10 reasons why Ngong is the best place to live

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I am getting to that point where Ngong road has become so bad, thoughts about moving are festering in my mind. I use the word festering because honestly, waking up at 5am feels like an infection. The thought that when Ngong road actually starts being expanded ati I will wake up earlier than 5am makes me feel sick.

So I found myself weighing the pros and cons of living in Bul-bul, Ngong, Kajiado County. I am always told to be optimistic so today I will only look at the pros of where I live.

1. Because I live in a different county than where I work, my colleagues and friends CONSTANTLY make fun of my commute

Itâ€s hilarious when people come up with jokes about it and think they are being so fresh and creative. I have probably heard every long commute joke three times each. Just about the only people who tell fresh Ngong commute jokes are two colleagues of mine who have degrees in trolling people. The rest not so much. But I tell myself I am spreading happiness to those around me. They have a release point and that is me. I am a santa claus of happiness. That is a pro right?

2. I am always beyond the radius of free delivery or any delivery whatsoever for fast food places like Galitos (and the whole DialADelivery franchise) and Debonairs.

Maybe they need permits to courier food across counties, I donâ€t know. Cravings are a bad thing I tell you. You can spend 90% of the only money you have just because of a craving. But you see if am already home, I know no-one does free deliveries to Ngong which stomps out my craving like Big Foot on an ant. This is turn, saves me money. Am going to pretend to actually feel the effect of the this money-saving technique. So there, if you spend too much money on delivered food? Just move to Ngong. You will become wealthy. Also the picture below explains A LOT.

3. I live in the wealthiest county.

Letâ€s ignore the fact that I am a bottom feeder and donâ€t even know what ‘wealth†really looks like. Pride is everything. I LIVE in the wealthiest county, EH HEH? Whatâ€s your county known for?

4. Living in Ngong and working in Nairobi means you either get to work between 6:30 and 7 am OR TEN A.M due to aforementioned traffic.

There is no in between. The result is that I get to the office between 6:30am and 7am. I am the earliest employee EVERYDAY. That deserves a raise right? HAHAHAHAHAHAHAHAHAHAHAHAHAHA okay maybe just a badge? LOOOOOOL? Recognition? PFFFFT. Right then. I will go with just getting the first mandazis at Uchumi every morning. That has got to be a pro right?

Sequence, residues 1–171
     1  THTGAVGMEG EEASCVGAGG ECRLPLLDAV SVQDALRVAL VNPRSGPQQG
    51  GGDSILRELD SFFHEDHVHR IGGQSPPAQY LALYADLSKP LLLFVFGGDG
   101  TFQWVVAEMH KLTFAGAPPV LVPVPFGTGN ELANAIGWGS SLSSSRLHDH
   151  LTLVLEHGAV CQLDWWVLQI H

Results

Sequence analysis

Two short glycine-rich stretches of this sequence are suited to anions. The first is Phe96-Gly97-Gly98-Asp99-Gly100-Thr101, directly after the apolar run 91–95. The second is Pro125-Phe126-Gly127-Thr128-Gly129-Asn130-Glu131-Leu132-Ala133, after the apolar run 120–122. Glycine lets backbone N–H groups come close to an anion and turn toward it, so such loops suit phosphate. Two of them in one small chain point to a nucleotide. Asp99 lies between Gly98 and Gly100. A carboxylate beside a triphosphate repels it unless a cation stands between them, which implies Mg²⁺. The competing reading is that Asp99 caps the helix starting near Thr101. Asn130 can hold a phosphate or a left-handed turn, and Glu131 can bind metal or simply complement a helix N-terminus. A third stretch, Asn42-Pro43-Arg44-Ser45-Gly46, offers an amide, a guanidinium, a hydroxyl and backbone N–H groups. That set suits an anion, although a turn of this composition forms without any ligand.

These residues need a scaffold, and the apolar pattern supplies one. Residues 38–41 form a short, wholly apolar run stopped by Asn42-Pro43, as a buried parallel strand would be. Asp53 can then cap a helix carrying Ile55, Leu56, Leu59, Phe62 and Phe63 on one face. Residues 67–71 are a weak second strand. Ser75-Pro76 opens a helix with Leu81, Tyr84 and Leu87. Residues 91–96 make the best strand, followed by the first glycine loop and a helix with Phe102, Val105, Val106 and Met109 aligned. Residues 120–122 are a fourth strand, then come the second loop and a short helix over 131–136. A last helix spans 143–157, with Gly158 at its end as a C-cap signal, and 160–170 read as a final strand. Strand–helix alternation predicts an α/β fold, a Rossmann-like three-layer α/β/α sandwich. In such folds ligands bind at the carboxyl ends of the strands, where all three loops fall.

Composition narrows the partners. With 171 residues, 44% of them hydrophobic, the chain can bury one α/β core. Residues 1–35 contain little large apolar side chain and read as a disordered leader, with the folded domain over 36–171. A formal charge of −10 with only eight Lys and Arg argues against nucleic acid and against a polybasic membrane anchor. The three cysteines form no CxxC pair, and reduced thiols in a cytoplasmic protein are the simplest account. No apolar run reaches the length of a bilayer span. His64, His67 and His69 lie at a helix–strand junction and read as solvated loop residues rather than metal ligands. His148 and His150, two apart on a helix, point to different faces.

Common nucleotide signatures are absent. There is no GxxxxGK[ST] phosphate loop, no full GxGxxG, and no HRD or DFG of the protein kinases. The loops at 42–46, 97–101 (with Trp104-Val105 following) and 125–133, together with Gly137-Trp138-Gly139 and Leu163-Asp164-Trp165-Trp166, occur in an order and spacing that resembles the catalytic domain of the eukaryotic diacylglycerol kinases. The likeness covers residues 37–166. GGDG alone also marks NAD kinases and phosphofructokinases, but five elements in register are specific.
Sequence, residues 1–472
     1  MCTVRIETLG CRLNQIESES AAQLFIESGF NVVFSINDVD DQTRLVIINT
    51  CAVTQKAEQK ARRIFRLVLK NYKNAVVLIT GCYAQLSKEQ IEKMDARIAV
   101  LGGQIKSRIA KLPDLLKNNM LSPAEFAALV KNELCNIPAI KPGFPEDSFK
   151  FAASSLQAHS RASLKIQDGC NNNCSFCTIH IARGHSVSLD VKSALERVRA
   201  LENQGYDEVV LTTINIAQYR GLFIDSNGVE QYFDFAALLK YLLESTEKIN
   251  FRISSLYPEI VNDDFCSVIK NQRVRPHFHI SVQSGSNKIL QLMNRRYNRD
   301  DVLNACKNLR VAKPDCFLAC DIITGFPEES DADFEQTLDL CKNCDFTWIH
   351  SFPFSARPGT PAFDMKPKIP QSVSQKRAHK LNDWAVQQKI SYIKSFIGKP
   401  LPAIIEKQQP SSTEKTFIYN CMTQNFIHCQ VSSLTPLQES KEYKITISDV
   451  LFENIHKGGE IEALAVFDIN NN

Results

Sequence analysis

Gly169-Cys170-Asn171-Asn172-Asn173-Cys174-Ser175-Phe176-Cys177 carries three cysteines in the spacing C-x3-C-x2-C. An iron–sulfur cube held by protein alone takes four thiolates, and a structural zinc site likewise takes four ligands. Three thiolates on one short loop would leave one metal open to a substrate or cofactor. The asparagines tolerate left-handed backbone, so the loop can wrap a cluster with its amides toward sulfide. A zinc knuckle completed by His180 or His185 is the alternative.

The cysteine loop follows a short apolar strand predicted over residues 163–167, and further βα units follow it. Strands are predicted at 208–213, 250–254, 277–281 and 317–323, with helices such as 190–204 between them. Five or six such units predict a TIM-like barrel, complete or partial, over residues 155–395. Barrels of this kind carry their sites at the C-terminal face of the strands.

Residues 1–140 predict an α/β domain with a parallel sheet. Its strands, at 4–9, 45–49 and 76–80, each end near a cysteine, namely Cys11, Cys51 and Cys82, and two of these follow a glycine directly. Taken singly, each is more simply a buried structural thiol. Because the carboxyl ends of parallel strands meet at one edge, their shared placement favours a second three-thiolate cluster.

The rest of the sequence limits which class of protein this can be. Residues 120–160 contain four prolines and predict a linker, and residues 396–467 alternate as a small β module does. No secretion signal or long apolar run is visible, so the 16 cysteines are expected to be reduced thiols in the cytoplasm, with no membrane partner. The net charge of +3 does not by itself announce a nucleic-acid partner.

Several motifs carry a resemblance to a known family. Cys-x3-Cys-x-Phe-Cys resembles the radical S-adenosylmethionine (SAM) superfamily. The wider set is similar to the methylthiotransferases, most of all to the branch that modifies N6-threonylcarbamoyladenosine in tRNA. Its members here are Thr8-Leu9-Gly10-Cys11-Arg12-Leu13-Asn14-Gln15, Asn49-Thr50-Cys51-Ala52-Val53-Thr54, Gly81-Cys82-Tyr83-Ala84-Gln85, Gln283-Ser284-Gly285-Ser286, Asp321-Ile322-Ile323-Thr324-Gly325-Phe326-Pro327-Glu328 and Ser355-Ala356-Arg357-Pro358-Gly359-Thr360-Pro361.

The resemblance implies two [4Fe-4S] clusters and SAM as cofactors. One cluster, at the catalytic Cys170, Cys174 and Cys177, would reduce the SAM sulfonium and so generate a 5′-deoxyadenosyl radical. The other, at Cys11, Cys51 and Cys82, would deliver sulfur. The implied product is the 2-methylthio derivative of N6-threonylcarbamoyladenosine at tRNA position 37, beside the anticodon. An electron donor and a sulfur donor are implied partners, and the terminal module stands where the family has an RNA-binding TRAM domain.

5. In the evening I usually get home between 6pm and 6:30pm

Notice this is a little over 12 hours after I leave the house in the morning. The result is that by 7pm I can BARELY keep my eyes open. I consider it some sort of achievement if I make it to 9pm without dozing off at all. So I sleep early. and skip dinner 90% of the time. Those are two pros. I dont have insomnia, I dont even know what that is. Probably the name of a galaxy. Also due to the skipped dinners Iâ€ve lost alot of weight. Letâ€s ignore for a minute the fact that I am the ONLY girl I know who has a crazy high metabolism, does NOT need to lose weight and whose life goal has always been to gain and keep some weight. So if you have insomnia or a weight problem? NO PROBLEM! MOVE TO NGONG.

6. The weather is mostly different between home and the work place

Itâ€ll be raining at the work place and sunny with clear skies at home. The result, is you have to dress for both extremes and always have an umbrella. I have resorted to having one umbrella at the office and another at home at all times. Advantage? I never get caught out by the rain WITHOUT an umbrella.

7. Derailment

This is a serious problem in the urban youth of Nairobi. Going out on a weekday and spending all your money and sleeping late. This does not encourage productivity at work. Well guess what? I donâ€t have that problem.I am able to prioritize my derailment very easily. Is that person worth getting on a matatu, paying 80 bob, getting stuck in traffic for over an hour and getting back home on a weekday past 10pm? If I do I must love you somewhat. Either that of youâ€re buying me dinner. And not ati a saucer of fries! DINNER. NISHIBE NA NIBEBE. For my non-swahili speaking readers, “Enough to get full and take away as well” If peer pressure was sent out to be carried out by pressure gnomes, the one posted to Ngong would be the most frustrated gnome.

8. In general, people donâ€t just POP IN to visit

The advantage is obvious. My fridge is rarely raided by outsiders. And costs arising from hospitality and catering in my house are pretty low. Lets ignore the fact that am an extreme extrovert for a minute. So you have too many guests all the time? Move to Ngong. Conversely I think people who DO pop in have a problem. Like a chronic case of LoveMeosis or NoLifesia.

9. PATIENCE

Just about everything around here teaches you patience. Being charged 80 bob. Sitting next to smelly people or crying babies for over an hour. Stuffy buses or sub zero buses. Cramped knees and legs which you can do nothing about till u get off the bus. Hunger pangs or sleep ambushes which you can also do nothing about till u get off. You learn patience on the Ngong commute pretty fast. Thatâ€s got to be a pro.

10. Last but not least

I get to listen to about two or three albums on my mp4 depending on the traffic on one bus ride. Whenâ€s the last time YOU listened to a whole album without interruption? Thatâ€s what I thought. Stew on that for abit.

So yes this is why it is absolutely the BEST thing to live in Ngong.

Republished from lonehungrytraveller.wordpress.com

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